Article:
Nationally, under inflated tires contribute to more than 600 fatalities and 33,000 injuries annually according to the National Highway Traffic Safety Administration. Additionally, low tire pressure can cost motorists up to 9 cents a gallon at the gas pump. Under inflated tires cause a vehicle to work harder and burn more gas.

The RMA survey of more than 6,300 vehicles in 33 cities this year also found only 17 percent of vehicles had four properly inflated tires. More than 15 percent, representing 38 million vehicles on U.S. roads, had at least one tire under inflated by 8 pounds per square inch (psi).

The cities that performed worst in the RMA tire pressure survey — in descending order — were Dallas/Ft.Worth, Los Angeles, Orlando, San Antonio and Birmingham. These cities had low percentages of vehicles with four properly inflated tires and larger percentages of under inflated tires.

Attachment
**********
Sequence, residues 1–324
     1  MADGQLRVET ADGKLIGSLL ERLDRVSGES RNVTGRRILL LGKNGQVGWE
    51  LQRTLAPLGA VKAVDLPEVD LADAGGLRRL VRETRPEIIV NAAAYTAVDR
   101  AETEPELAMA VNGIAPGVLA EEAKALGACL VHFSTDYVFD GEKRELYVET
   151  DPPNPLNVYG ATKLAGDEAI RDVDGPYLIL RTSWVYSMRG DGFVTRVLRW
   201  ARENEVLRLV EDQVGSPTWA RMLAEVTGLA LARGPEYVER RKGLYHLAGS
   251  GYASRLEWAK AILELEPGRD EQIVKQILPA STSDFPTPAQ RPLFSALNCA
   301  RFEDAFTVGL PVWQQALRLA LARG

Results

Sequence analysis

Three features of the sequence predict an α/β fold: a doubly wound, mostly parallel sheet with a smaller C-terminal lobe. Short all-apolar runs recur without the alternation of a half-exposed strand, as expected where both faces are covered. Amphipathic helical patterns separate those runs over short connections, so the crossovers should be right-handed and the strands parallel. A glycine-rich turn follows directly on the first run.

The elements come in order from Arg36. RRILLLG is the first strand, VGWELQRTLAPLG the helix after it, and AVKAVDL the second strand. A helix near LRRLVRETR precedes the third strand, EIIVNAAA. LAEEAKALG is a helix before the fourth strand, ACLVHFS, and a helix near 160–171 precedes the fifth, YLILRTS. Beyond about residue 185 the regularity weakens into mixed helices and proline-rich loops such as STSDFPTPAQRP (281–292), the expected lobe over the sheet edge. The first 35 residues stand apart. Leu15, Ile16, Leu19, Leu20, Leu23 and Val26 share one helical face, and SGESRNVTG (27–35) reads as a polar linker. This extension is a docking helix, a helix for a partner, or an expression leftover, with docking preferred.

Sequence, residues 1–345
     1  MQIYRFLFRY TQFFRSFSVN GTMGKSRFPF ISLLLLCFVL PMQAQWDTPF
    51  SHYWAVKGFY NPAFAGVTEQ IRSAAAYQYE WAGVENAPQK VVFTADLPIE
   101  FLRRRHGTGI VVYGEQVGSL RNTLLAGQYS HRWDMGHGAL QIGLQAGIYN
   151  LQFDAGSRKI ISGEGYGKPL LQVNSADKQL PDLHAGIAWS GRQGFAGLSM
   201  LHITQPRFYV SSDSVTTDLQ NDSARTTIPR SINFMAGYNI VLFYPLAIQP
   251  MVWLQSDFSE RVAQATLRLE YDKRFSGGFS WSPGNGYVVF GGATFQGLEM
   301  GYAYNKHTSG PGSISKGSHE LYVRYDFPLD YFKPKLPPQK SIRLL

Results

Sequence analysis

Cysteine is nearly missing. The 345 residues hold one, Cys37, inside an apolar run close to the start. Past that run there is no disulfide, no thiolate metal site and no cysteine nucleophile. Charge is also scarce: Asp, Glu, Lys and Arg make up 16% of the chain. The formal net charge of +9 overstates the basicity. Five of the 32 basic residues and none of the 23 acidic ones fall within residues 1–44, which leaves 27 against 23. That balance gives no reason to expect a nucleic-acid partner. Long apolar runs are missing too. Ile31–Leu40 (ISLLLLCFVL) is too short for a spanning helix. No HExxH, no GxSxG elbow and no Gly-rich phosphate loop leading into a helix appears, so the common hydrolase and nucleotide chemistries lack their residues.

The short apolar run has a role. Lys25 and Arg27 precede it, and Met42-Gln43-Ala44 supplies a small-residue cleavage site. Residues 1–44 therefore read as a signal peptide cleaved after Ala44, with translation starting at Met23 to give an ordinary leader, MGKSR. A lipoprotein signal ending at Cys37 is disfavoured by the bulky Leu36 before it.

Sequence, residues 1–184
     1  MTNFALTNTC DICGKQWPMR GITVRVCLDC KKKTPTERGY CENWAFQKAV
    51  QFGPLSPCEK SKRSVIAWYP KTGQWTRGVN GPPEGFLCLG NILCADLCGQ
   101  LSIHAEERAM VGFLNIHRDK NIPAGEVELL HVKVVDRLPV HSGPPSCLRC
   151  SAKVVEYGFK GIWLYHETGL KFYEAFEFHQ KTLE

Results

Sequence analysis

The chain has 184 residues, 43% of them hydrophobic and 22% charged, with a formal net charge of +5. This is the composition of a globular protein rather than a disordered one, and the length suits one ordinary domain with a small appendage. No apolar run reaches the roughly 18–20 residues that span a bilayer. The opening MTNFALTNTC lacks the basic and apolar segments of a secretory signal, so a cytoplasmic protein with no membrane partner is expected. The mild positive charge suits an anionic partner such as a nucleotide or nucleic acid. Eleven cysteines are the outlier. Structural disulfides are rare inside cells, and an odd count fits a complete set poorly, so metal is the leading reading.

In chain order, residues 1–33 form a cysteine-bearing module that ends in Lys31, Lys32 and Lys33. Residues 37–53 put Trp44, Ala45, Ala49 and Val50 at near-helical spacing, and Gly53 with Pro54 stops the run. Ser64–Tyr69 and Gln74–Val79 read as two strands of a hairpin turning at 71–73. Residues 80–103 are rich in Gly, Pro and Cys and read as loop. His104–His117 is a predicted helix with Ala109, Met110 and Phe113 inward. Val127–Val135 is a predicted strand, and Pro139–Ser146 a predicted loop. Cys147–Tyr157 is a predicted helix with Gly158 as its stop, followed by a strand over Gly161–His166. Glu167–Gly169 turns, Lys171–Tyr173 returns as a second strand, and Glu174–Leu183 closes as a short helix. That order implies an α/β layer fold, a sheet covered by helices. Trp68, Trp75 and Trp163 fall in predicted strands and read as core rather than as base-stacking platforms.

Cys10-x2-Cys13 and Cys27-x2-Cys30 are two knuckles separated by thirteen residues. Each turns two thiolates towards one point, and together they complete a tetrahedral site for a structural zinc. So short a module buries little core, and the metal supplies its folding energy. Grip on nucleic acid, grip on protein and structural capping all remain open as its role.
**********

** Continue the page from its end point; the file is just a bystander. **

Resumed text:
“Under inflated tires are dangerous, waste fuel and money and cause tires to wear out faster,” said Dan Zielinski, RMA senior vice president, public affairs. “Motorists can help reduce the safety risk and stop wasting gas and money by taking five minutes to check tire pressure every month.”

The Rubber Manufacturers Association, which represents tire manufacturers, has some simple tips to check tire pressure properly:

  • Check tire pressure every month and before long trips – and don’t forget the spare!
  • Remember to check tires before driving – when tires are cold – to get an accurate reading.